Rosé 
 
OK, OK, this might fall into the trendy pick category but it's so worthy of consideration that I will repeat it here: A nice dry rosé might just be the best possible pairing for Thanksgiving dinner. A fabulous food wine, rosé offers enough acidity to offset all those rich flavors at the table but does it with much more pizazz than a plain old white. And while many turn to Provence  for their rosé needs, as a fan of the Rhone Valley I think the region of Tavel (which exclusively produces rosé wines) offers just what your turkey day feast needs. 
 
The 2013 Chateau de Trinquevedel Tavel Rosé opens with an excellent aroma of strawberry, red cherry, a little rhubarb, a hint of sea salt and flowers. The wine tastes fresh, spicy, tangy and absolutely delicious. Dry and loaded with tart berry and citrus flavors, this rosé has an excellent full texture with wonderfully integrated spice and herb notes. Lovely mineral and sea salt notes become more prominent on the finish and linger nicely.
 
Ice Wine (or Icewine)
 
When the main meal is done and the table is filled with all those rich desserts, a good ice wine might just be the ticket. The Yarden Heights Wine Gewurztraminer Ice Wine from Golan Heights Winery is not only delicious but also a sure conversation starter thanks to its place of origin (how many wines have you had from Israel lately) and that it is made from Gewurztraminer instead of the usual Riesling or Vidal.
 
The wine begins with aromas of peaches, apricots, tropical fruits and honeysuckle plus a little cinnamon and pine tree. It tastes deliciously sweet with a rich, smooth and even a bit creamy texture and exhibits great depth of flavor with pear, apricot and mango flavors plus a whole lot of honey and a little spice. Good acidity helps to offset all the sweetness. The ice wine ends with good length featuring more sweet fruit and highlighted with lots of sweet vanilla and cinnamon. This one will set you back a little over $20, but for something this unique it's money well spent in my opinion.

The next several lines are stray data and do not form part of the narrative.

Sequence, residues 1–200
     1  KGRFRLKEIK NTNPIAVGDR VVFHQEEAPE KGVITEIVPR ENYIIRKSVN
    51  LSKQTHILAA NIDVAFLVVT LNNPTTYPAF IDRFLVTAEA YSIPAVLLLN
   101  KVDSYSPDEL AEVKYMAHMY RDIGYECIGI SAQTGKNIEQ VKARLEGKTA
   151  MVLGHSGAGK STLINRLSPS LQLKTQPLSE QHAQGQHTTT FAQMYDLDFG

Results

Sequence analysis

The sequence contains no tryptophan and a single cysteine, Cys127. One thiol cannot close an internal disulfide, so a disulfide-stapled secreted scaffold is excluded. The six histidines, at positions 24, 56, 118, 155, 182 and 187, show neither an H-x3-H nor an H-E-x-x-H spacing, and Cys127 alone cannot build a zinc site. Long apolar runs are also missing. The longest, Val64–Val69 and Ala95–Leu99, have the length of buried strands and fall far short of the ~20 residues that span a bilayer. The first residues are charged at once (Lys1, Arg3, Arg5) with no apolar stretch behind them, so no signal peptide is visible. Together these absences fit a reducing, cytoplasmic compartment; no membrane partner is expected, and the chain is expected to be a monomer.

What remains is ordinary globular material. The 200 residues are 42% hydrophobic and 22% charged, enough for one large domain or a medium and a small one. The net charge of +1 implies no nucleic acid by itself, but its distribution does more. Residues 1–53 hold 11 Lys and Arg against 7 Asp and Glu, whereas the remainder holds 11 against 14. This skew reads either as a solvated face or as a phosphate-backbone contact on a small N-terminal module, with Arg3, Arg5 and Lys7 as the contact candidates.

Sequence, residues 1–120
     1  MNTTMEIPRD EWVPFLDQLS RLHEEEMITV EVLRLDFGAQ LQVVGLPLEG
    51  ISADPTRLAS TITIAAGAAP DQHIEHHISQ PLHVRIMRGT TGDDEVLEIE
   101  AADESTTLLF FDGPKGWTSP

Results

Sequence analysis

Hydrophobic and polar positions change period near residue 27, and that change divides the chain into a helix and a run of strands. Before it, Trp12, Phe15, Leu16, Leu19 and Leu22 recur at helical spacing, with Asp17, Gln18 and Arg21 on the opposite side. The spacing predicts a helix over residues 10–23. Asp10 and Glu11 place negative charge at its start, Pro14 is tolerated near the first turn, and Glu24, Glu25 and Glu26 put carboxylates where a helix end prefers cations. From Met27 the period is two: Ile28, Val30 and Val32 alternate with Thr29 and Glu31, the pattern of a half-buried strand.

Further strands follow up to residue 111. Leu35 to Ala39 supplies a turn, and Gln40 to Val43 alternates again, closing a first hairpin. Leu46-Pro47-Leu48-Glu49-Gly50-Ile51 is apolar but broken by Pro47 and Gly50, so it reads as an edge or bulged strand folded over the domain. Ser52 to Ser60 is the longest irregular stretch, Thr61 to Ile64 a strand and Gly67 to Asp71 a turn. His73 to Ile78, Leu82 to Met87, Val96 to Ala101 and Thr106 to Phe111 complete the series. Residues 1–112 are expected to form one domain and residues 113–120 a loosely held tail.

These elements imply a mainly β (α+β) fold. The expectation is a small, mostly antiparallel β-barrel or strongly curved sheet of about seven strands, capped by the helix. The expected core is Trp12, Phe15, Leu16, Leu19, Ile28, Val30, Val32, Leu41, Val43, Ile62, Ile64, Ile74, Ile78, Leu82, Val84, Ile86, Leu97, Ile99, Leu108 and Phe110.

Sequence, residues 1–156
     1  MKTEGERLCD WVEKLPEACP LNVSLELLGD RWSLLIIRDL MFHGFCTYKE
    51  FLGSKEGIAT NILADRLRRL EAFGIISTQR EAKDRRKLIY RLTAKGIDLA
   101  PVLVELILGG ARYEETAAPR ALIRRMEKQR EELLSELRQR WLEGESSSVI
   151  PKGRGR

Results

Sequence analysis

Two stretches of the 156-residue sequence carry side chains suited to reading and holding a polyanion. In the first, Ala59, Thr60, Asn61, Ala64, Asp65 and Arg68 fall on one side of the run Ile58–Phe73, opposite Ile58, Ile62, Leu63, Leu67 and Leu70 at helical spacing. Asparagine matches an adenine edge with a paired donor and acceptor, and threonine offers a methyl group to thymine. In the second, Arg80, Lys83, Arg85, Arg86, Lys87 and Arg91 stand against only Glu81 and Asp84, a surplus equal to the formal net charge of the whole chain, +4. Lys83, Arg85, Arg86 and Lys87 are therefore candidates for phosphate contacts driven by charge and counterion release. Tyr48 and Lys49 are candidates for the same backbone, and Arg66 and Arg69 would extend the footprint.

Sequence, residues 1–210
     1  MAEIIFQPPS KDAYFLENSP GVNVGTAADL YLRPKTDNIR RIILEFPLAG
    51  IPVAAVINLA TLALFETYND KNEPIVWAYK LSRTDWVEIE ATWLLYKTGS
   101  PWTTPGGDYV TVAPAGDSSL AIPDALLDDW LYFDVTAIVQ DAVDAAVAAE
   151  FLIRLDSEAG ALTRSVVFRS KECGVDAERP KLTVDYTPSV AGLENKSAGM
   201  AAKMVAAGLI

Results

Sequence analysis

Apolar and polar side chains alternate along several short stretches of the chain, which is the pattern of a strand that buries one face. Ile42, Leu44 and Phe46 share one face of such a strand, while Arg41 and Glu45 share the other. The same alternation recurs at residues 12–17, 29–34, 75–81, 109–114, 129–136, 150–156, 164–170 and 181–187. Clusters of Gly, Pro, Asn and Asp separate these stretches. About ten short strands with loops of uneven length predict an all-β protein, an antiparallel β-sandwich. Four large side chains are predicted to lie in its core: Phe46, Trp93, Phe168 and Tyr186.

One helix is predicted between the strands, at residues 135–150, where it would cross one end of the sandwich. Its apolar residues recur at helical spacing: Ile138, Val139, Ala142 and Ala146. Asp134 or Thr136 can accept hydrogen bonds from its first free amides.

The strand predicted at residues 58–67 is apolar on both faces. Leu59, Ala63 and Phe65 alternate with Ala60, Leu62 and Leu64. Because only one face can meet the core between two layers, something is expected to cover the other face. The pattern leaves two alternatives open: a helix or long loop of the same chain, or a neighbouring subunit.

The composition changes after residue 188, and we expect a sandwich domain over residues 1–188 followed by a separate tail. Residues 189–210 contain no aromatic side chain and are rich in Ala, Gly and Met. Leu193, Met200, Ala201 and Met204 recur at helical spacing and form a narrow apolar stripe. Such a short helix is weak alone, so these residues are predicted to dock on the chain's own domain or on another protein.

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Comments

  • All lovely options - you can also toss in a nice dolcetto or the Sicilian Nero grapes (all 3), other Alsacians, or maybe nice rhone whites, etc., but for me a T-day wine has to be a US sourced wine. Cali/Oregon/WA sparklers, a WA cab franc, if you want the ice wine, hit the finger lakes! My only departure was an LBV Port. Just can't beat it for value and quality. But no matter what, we need to remember our guests. Sometimes the esoteric is fun, sometimes people just want their Merlot.

    Nov 22, 2014 at 7:32 AM


  • Sometimes they want their merlot, because it is all they know. If you are preparing dinner, help them out of their box and provide something new.

    Nov 26, 2014 at 5:38 PM